England's new tiers system has started, but many are complaining areas with lower than average rates of infection have been unfairly put in high tiers.
In the summer, action was supposed to be hyper-local, sometimes with different rules in the same local authority.
But now, tiers have been applied in broad areas, generally matching counties or city regions.
And in those larger areas, the case rates were all higher in tier three than in tier two in the week to 19 November.
The modellers advising government say working on a broader scale "may make measures more effective" since it reduces the chances of people travelling across tier boundaries.
The only exception to the "bigger regions" approach is Slough.
The surrounding parts of Berkshire are all in tier two - but Slough, with a higher rate of infection, has been put into tier three.
The price of this approach is low-Covid areas can be swept up into county-wide restrictions.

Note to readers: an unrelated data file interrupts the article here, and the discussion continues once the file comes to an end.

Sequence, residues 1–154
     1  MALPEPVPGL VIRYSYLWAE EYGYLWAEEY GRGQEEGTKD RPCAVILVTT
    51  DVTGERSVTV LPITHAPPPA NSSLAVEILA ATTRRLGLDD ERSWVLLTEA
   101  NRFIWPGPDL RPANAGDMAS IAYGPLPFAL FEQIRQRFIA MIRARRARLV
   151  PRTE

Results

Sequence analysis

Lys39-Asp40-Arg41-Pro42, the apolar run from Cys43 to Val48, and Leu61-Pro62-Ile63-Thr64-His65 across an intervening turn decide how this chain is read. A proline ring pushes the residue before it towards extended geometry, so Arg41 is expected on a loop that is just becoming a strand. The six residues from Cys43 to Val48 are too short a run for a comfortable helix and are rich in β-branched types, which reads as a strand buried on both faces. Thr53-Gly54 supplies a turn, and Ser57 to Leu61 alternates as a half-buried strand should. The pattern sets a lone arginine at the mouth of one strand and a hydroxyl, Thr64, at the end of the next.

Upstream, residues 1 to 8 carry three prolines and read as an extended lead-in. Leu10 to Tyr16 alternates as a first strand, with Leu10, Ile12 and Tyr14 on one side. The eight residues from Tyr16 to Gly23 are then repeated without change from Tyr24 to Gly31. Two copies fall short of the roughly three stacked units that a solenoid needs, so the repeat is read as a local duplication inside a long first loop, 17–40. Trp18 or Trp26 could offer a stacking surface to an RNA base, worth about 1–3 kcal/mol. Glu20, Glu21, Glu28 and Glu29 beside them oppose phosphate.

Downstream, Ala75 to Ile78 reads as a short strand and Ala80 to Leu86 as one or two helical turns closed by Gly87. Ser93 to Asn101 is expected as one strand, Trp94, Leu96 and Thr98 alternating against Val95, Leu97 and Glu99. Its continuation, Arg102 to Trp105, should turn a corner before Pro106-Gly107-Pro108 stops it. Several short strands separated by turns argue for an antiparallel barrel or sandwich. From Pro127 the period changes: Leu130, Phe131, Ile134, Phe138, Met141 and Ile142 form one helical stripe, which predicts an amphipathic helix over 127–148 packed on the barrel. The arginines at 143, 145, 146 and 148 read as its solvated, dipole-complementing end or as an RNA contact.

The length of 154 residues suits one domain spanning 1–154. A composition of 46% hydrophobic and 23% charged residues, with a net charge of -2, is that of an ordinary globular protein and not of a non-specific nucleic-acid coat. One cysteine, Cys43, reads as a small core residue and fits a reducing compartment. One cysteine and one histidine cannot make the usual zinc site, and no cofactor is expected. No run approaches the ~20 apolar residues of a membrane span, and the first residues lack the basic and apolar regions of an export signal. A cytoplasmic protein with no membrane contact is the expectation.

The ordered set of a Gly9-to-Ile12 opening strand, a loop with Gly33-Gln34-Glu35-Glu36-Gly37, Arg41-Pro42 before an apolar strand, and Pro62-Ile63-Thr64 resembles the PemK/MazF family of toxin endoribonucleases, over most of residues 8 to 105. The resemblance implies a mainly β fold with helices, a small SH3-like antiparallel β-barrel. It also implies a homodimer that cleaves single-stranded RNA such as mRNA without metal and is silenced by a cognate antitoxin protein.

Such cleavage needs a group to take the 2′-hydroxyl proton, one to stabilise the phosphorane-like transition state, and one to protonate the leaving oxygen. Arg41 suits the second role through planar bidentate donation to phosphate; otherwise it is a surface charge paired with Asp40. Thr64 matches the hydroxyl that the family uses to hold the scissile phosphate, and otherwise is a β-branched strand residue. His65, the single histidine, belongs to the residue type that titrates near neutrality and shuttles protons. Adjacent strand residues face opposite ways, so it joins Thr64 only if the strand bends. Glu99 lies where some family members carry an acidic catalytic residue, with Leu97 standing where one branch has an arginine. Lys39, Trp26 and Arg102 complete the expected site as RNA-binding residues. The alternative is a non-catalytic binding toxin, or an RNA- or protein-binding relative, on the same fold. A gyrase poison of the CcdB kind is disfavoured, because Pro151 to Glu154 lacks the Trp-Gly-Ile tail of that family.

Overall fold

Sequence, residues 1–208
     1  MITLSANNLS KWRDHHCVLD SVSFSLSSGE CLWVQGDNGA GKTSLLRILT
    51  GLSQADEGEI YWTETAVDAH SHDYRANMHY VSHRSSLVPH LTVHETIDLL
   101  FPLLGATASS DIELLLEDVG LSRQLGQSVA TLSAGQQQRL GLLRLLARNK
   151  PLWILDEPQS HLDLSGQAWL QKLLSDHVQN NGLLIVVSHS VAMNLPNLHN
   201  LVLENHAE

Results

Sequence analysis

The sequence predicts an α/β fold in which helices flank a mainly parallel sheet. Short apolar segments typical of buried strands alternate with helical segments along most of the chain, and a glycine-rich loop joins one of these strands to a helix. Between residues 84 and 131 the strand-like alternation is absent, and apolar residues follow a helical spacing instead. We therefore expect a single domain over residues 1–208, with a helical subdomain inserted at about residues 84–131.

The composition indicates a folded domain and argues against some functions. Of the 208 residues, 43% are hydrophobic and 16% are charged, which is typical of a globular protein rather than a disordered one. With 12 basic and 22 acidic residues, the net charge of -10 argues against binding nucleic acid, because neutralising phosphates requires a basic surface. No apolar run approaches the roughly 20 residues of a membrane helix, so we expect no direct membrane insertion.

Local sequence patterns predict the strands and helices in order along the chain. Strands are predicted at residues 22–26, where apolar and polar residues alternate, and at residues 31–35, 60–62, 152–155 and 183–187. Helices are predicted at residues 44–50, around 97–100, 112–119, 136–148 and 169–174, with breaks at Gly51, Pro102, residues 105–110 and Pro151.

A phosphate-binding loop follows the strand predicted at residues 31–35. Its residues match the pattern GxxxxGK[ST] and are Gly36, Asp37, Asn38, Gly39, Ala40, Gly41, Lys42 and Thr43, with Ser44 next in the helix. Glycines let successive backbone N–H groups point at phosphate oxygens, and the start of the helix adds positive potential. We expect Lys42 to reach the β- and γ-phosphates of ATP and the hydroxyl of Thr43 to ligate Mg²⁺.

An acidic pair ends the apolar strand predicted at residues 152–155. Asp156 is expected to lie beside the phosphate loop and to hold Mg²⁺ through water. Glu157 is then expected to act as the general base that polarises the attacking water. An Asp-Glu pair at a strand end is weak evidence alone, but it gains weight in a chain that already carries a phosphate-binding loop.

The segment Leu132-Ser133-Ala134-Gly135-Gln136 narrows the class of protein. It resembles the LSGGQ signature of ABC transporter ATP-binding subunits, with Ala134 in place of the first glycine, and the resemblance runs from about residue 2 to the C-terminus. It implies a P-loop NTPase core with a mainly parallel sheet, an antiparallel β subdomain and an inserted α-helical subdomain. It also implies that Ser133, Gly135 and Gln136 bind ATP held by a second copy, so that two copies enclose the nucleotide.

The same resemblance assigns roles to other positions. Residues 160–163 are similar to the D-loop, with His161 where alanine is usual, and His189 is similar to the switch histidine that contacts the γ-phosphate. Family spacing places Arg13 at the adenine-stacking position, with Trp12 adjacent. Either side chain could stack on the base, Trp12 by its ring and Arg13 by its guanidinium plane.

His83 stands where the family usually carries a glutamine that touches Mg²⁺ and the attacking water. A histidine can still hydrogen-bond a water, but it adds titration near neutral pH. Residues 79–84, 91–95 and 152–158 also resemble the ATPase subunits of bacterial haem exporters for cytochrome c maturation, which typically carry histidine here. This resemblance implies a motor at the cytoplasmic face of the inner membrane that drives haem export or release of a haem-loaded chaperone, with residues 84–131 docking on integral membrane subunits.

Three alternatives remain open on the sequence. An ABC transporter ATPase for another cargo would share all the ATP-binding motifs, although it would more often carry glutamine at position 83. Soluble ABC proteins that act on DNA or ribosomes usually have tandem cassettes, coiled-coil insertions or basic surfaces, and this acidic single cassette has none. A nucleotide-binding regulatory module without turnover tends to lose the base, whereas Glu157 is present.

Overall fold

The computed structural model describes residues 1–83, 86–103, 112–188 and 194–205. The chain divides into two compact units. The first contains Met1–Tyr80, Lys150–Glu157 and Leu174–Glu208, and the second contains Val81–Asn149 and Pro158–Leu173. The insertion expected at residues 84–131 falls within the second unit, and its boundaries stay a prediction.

For example, Tunbridge Wells and Ashford, in tier-three Kent, had about 120 cases per 100,000 in the week to 19 November.
But most local authorities in England saw more than 180 cases per 100,000 people that week.
The document describing the government's rationale for each decision lists four factors on top of the main case rates, however:
- the rate in the over-60s
- whether rates are rising or falling
- whether the number of people testing positive is rising faster or slower than the number of people being tested
- the pressure on hospitals
Tunbridge Wells and Ashford have seen rising rates in recent weeks, while the rates in the rest of England have been falling.
And with hospitals in Kent already under pressure, the worry is the high rates of infection in Swale and Medway spread out into the rest of Kent.
But many MPs are still unsatisfied with the government's explanations.
Conservative MP Damian Green, who represents Ashford, asked the government to apply rules at "a local level, districts rather than counties or regions" as "restrictions which people feel are unfair to their particular community will simply not be respected or obeyed".
Analysis by Christine Jeavans, Ed Lowther, Rob England and Robert Cuffe